One Big Idea

For over 35 years, MAI has been serving writers, editors, and publishers around the world. Through our conferences, training events, and online resources we have equipped and encouraged more than 10,000 people in 90 countries. 

With the pandemic changing the landscape of learning this past year, we are increasing our use of digital media to provide you the tools you need to excel in your craft. One of the ways we are doing this is through a new weekly short video called One Big Idea, in which we bring you one big idea, as well as reflection questions to consider throughout the week.

"What Publishers Are Looking for in a Writer": What Is a Concept Statement? - Week One

Today, Andy Rogers, acquisitions editor and writer, begins a new series on “What Publishers Are Looking for in a Writer” from a publisher’s perspective.

Rogers leads us through a four-part paradigm for writers as they prepare their book for publishers: concept, craft, crowd, and character. In this first part, Rogers talks about the importance of a short, engaging concept statement, taking us through examples of other books with unique and compelling ideas and statements.

After you have watched the video, spend some time engaging with these questions:

  • As you work on your book, what is your concept statement?

  • Do you need to go back and refine it or create a new one before you continue in your work?

  • Who can you interact with who can speak into your concept statement to sharpen it?

  • Do some research on concept statements to get a good idea of how others in your genre have been stated theirs.

The “Four C’s” are used by permission of Jenni Burke and Illuminate Literary.

Join us next week for Part 2 of the series.

"Local Ideas, Global Sharing": How to Share Your Local Ideas Globally - Week Four

In Part 4 of our series, “Local Ideas, Global Sharing,” author and trainer Pusonnam Yiri concludes with three things to understand about the global platform in order to successfully share your ideas that were born in a local context.
 
As Yiri circles back to two important concepts–ideas are born dirty and we must take ordinary ideas and make them extraordinary–he concludes with sharing three ways to enhance your local idea in a global context: through speaking, writing, and consulting.
 
Once you watch the video, we invite you to reflect on the following questions this week:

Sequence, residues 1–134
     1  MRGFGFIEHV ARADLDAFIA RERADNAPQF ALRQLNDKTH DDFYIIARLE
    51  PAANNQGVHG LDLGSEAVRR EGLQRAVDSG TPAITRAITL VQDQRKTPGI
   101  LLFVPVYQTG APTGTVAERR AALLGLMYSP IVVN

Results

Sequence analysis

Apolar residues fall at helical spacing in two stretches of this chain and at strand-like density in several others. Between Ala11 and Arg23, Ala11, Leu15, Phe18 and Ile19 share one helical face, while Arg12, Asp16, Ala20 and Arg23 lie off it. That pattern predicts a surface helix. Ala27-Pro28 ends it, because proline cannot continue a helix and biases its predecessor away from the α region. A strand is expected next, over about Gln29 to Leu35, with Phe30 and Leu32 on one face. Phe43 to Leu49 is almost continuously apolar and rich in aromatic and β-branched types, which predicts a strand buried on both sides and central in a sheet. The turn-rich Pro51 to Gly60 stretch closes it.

• What was one big takeaway from this series?

  • Review what it means that “ideas are born dirty.”

  • Review what it means to “take an ordinary idea and make it extraordinary.” What does that mean for you?

  • How have you seen the global context thus far related to your work? How does that need to be shifted?

  • What role does speaking, writing, and consulting have in your own life, and how can you embrace each part?

"Local Ideas, Global Sharing": Five Important Questions to Ask to Develop Local Ideas for Global Sharing - Week Three

In Part 3 of our series, “Local Ideas, Global Sharing,” author and trainer Pusonnam Yiri walks us through five questions we must ask ourselves if we are serious about taking a local idea and making it useful to a global audience and context. Once you watch the video, we invite you to reflect on the following questions this week:

  • How do you know that your idea is meaningful and glorifying to God? How do you measure that?
  • Who else has written on what you are focusing on? What makes yours different and special?
  • How is your idea a solution to a problem?
  • When you hear Yiri talk about the farm and the market, what ideas does that stir in you?

Join us next week for Part 4. One Big Idea is a media ministry of Media Associates International.

"Local Ideas, Global Sharing": Three "Local" Seeds That Can Translate into Global Ideas and Impact - Week Two

In Part 2 of our series, “Local Ideas, Global Sharing,” author and trainer Pusonnam Yiri helps us begin to understand why we must start local to go global and how we go about that. Yiri frames our understanding around three main areas: our local environment, our local family, and our local culture.

Once you watch the video, we invite you to reflect on the following questions this week:

  • Look around you. What are some ordinary things around you that you’d like to write about?

  • What does “local” mean to you? What do you appreciate about your context and community? What is challenging for you?

  • What is one thing you see in your local environment that surprises you or excites you? Begin to consider how that translates to various contexts around the world.

  • Which of the three things that Yiri mentions – environment, family, and culture – is easiest for you to try to capture into words and ideas?

Join us next week for Part 3. 

"Local Ideas, Global Sharing": Taking the Ordinary and Making It Extraordinary in Your Writing - Week One

In Part 1 of our series, “Local Ideas, Global Sharing,” author and trainer Pusonnam Yiri introduces us to the concept that “ideas are born dirty,” inviting us to take the ordinary and small things, refine them, develop them, and make them extraordinary and big. Yiri encourages writers to “take what is yours and make it ours.” Once you watch the video, we invite you to reflect on the following questions this week:

  • Look around you. What are some ordinary things around you that you’d like to write about?
  • As you think about making those things extraordinary, what excites you? Scares you?
  • When you hear the phrase “ideas are born dirty,” what does that mean to you?
  • Why is the concept of “yours becoming ours” important today?

Join us next week for Part 2.

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